Հինգշաբթի, Հուլիս 31, 2014 Ժամանակը Երեւանում 03:16

in English

Armenia’s Customs Union Entry ‘On Track’

Armenia -- Russian President Vladimir Putin (L) speaks with his Armenian counterpart Serzh Sarkisian during a signing ceremony in Yerevan, December 2, 2013
Armenia -- Russian President Vladimir Putin (L) speaks with his Armenian counterpart Serzh Sarkisian during a signing ceremony in Yerevan, December 2, 2013
A senior pro-government lawmaker downplayed on Wednesday an apparent delay in Armenia’s membership in the Russian-led Customs Union, saying that the accession process will be completed within the next month.
 
Artak Zakarian, the chairman of the Armenian parliament committee on foreign affairs, did not specify, however, whether an accession treaty with the bloc’s three member states -- Russia, Belarus and Kazakhstan -- will be signed at the next meeting of their presidents slated for May 29.
 
During their last summit held in Minsk on April 29, President Vladimir Putin and his Kazakh and Belarusian counterparts instructed the Customs Union’s executive body to prepare the treaty by June 1.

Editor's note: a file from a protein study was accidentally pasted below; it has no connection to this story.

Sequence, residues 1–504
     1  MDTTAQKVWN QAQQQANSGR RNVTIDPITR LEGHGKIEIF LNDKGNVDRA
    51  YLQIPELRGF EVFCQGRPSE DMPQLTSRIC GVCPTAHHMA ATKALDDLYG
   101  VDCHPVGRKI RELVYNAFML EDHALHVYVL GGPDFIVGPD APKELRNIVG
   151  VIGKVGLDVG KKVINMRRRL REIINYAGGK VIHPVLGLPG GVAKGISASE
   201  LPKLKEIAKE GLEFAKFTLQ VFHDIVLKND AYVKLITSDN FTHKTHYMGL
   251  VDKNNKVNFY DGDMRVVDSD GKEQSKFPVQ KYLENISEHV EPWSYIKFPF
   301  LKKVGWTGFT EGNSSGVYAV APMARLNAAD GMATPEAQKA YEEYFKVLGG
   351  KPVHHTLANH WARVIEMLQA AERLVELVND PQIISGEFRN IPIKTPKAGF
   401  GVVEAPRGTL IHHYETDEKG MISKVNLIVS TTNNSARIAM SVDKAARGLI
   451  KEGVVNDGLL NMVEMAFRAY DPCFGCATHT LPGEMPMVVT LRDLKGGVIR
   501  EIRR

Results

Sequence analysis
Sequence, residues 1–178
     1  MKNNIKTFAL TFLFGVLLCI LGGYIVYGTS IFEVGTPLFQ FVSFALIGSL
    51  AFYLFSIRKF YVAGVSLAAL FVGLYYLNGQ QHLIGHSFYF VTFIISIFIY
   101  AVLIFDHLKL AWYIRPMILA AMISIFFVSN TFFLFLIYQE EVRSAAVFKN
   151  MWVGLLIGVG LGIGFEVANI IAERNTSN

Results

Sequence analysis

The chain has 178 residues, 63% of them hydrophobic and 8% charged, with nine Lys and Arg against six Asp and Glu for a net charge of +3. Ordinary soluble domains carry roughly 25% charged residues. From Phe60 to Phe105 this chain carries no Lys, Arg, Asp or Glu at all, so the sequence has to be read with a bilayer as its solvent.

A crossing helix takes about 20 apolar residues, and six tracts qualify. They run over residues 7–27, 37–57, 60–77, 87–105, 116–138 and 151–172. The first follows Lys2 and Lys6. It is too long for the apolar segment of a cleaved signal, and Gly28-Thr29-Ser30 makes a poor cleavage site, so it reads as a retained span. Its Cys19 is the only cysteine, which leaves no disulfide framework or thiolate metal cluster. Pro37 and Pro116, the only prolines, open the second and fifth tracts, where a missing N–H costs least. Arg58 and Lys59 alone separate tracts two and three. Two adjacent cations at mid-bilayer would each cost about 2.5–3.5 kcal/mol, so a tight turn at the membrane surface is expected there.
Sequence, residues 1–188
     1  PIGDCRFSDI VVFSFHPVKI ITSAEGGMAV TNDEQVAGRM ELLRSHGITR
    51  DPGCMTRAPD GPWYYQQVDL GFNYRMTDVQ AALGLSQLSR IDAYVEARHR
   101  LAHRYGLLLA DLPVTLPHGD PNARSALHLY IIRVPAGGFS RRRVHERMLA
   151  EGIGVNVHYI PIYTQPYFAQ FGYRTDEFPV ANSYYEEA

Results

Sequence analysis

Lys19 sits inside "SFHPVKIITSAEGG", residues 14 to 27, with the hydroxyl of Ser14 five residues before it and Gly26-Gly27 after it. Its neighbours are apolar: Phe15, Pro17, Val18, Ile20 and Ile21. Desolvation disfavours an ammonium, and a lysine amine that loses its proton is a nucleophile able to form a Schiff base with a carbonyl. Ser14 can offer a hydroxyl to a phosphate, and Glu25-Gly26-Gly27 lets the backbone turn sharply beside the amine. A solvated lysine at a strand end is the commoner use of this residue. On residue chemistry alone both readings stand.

The treaty was previously expected to be drafted and signed at Minsk. However, President Serzh Sarkisian skipped that summit for unclear reasons.
 
It is not yet known whether the delay is related to significant trade concessions sought by Yerevan. Opening the Minsk summit, Belarusian President Aleksandr Lukashenko spoke out against granting new member states “any special terms or statuses.” Kazakhstan’s President Nursultan Nazarbayev appeared to back this stance.
 
“None of the outstanding issues is connected with Armenia,” Zakarian told a news conference. “They have to do with other states.” He did not go into details.
 
Russia hopes that Belarus and Kazakhstan will formally agree to turn their trade bloc into a Eurasian Economic Union at the May 29 summit, which will take place in Kazakhstan’s capital Astana. Some officials in Yerevan said last month that Armenia may join the new alliance after its transformation.
 
Zakarian again echoed government assurances that membership in the Russian-dominated bloc poses no threat to Armenia’s independence. “Armenia bases its membership on economic and security considerations, including energy security, food security, communication security, military-political security,” he said. “But Armenia does not assume that its sovereignty can be limited.”
 
Meanwhile, Sarkisian flew to Moscow later in the day to attend an informal summit of five ex-Soviet states aligned in the Russian-led Collective Security Treaty Organization (CSTO). Sarkisian’s office said he will also hold separate talks with Putin on Thursday.
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